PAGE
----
First Ladies of Fantasy Football: Part 3

Sorry, the third installment of The First Ladies of Fantasy Football has taken a while to get to, but I am happy to present the newest edition. This is a series where I speak with women in the fantasy football industry and get their takes on various questions presented by people on Twitter as well as myself. Sit back, relax, and read all about these wonderful women. Just a reminder that these questions were asked months ago, so any information that is out of date is entirely my fault.

Installment three's guest, give us some insight as to who you are:

I’m Katie Babino (@katiebabs23 on Twitter) and I write a weekly article for The Fantasy Authority. I live in the great state of Washington. I’m a big Seahawks, Celtics, and Gonzaga Bulldogs fan. I’m also a huge TV/Movie geek (Harry Potter, Timeless, Superstore, B99, and many more).

My name is Rebecca Jones aka @broncobecka. I am a contributor for FFStatistics. I have some podcast appearances lined up so those will be coming out in the next month or two. I live in Salt Lake City with my husband and two dogs. My husband plays fantasy too, so it’s fun to compete against each other and spend time together doing research and building DFS lineups.

My name is Katie Flower, and I am a writer and on the weekly regular and premium podcast at Under the Helmet on iTunes and Stitcher radio, the website is You can find me on twitter @FF_Skyler399. I am originally from New England but live in the Dallas area now. I coached youth baseball, basketball, and football as well as refereed and umpired all 3 for 14 years. I have always loved sports of all kinds.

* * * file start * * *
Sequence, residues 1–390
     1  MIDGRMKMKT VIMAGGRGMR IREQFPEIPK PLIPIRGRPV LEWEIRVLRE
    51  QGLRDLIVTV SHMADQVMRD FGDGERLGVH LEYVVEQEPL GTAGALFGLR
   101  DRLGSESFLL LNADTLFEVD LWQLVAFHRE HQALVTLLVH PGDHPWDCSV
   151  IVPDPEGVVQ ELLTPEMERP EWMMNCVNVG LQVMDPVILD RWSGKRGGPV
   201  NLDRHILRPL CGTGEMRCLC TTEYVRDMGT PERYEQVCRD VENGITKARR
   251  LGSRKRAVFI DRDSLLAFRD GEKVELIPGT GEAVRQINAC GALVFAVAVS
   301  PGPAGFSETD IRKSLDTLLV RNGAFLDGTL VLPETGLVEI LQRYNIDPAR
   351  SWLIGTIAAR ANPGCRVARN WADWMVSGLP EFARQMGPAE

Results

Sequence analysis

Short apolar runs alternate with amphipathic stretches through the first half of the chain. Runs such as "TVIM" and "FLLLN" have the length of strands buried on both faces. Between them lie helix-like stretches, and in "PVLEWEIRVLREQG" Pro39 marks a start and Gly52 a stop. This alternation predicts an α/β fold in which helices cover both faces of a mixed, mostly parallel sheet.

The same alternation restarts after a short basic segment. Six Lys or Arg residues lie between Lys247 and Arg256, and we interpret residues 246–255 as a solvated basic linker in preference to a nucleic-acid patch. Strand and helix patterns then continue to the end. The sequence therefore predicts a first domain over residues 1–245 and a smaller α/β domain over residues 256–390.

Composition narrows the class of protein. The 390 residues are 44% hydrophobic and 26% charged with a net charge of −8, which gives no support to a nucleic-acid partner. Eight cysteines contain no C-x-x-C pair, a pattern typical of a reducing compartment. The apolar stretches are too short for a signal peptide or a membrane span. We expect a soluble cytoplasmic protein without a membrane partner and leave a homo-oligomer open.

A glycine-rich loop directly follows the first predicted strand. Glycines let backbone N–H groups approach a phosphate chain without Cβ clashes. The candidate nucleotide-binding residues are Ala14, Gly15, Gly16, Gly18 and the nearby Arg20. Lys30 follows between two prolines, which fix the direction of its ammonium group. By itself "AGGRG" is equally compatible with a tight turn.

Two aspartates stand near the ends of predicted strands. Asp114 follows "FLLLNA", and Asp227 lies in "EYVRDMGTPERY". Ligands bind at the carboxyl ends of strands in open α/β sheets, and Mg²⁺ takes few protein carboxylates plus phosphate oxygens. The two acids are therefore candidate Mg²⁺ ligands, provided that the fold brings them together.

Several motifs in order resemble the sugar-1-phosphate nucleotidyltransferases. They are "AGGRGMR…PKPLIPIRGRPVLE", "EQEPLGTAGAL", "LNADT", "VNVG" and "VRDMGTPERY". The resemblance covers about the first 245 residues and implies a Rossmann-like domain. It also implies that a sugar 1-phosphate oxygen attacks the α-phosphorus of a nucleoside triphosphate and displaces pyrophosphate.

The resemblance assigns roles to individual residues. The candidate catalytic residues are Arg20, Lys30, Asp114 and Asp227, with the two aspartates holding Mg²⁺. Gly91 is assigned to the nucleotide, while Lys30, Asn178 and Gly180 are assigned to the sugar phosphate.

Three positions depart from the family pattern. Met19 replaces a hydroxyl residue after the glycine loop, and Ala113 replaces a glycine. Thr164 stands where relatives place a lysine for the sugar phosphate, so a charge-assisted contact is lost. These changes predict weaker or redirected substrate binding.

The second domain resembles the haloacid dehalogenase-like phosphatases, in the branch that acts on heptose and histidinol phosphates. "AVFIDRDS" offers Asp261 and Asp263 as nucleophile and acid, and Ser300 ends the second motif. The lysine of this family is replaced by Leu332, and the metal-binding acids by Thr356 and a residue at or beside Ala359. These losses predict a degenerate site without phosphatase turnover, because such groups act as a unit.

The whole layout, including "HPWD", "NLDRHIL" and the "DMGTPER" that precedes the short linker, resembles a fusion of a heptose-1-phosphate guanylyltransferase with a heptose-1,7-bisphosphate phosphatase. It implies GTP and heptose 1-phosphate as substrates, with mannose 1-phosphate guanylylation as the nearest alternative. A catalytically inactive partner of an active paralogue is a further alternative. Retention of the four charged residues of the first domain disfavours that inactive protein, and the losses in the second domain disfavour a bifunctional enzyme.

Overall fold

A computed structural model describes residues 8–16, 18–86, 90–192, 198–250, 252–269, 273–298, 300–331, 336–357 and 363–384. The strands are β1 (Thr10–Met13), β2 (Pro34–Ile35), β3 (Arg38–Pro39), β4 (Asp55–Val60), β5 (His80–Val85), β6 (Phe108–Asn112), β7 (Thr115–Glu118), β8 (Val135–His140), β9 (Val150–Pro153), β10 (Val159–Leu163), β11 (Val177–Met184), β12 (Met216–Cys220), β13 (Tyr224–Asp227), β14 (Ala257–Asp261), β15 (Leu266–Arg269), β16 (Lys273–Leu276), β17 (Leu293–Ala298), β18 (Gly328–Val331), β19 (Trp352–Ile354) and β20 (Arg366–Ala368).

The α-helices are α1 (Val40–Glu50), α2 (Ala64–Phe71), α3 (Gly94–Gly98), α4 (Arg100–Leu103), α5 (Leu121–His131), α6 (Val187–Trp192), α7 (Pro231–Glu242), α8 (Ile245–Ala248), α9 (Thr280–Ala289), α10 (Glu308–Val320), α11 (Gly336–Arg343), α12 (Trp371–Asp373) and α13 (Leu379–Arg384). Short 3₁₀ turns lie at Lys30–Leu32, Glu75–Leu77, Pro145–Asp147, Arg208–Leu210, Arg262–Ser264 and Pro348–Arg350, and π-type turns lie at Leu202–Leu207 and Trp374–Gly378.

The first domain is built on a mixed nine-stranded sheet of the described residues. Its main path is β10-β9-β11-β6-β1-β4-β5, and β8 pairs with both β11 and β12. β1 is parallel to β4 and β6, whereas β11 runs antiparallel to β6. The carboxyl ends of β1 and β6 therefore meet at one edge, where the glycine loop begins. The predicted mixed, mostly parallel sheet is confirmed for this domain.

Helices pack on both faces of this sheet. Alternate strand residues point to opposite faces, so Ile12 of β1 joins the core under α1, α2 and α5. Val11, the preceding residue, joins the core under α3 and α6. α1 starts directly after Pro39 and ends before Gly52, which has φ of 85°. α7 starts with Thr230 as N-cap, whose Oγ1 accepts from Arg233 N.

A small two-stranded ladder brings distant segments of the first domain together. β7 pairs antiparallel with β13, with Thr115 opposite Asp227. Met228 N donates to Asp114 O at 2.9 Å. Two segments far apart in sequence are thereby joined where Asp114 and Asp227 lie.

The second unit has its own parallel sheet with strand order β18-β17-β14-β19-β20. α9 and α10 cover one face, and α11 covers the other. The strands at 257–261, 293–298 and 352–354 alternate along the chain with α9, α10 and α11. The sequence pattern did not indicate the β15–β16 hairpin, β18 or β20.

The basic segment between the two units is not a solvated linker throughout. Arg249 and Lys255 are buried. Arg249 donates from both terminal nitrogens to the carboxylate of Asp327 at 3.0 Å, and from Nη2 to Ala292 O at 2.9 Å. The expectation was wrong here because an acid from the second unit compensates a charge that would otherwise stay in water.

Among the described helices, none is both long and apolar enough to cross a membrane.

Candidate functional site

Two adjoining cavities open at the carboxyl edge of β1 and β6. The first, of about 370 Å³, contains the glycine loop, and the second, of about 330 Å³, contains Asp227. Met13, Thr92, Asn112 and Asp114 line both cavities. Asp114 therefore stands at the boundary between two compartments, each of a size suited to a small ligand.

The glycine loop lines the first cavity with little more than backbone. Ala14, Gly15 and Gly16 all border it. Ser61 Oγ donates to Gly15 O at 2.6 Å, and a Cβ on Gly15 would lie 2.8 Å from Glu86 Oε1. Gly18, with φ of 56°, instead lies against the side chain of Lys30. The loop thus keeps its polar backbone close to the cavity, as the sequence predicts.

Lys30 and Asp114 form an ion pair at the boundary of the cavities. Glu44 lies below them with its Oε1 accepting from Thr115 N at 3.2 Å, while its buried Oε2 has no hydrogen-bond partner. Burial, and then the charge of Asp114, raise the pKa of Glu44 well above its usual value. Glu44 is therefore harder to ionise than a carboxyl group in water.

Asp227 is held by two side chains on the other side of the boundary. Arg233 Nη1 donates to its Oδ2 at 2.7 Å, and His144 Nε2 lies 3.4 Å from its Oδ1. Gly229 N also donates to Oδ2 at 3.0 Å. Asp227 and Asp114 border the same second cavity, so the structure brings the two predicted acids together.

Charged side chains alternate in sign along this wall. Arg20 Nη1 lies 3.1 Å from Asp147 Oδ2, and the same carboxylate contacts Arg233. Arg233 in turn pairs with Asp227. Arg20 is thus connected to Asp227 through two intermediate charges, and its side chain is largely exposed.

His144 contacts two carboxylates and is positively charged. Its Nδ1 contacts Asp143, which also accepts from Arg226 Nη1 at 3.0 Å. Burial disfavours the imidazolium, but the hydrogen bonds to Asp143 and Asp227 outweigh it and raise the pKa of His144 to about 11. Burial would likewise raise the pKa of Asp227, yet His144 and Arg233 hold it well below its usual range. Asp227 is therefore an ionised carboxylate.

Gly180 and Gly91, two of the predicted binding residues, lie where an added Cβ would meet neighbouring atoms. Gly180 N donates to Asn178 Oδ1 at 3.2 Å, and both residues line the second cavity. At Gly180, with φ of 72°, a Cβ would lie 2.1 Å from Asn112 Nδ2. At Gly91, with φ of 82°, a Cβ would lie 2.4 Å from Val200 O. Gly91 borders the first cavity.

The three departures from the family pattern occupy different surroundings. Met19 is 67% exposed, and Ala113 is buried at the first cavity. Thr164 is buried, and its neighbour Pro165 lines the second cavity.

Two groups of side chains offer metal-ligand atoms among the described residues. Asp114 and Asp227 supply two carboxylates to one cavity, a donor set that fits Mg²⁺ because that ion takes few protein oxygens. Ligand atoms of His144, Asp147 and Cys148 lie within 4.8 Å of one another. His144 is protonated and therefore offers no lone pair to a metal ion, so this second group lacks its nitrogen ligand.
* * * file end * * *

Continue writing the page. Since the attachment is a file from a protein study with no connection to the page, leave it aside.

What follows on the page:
How did you become interested in fantasy football?

Katie B.: My whole family was always very interested in sports and I grew up a huge tomboy. I was more into Basketball than anything else and didn’t really care about football. When I was in eighth grade, my family was doing their annual fantasy football draft, when my Grandpa decided last minute that he didn’t want to draft his team, and asked me to do it for him. I had no idea what I was doing! I figured if I knew the guys’ names, they must be famous, and therefore, must be good.

Once I got into high school, I slowly began learning more and more about the game. By the time I started college, I was a huge football fan. I’ve really gotten into fantasy in the last two or three years, as I have fallen in love with football.

Rebecca: I have been a football fan my whole life. I grew up in Denver watching Big 10 and Pac 10 college ball, and of course the Broncos. I didn’t really know about fantasy until I met my husband. He introduced me to it and I loved it. My first year I didn’t know about the waiver wire until halfway through the season *facepalm* I’m a very competitive person and learned a lot quickly. My second year playing I won a 14 team league. Now I can’t imagine a life without fantasy football.

Katie F.: I got into redraft fantasy football in 2012 when a friend of mine who organized an annual reality TV charity event for Give Kids the World in Orlando Florida invited me to join. I had 3 days to prep for the draft and scoured the internet for rankings and tips. I read Matthew Berry’s draft day manifesto on ESPN and used it as a guideline. My team was the worst one in the league and with no trading, it was hard to bounce back.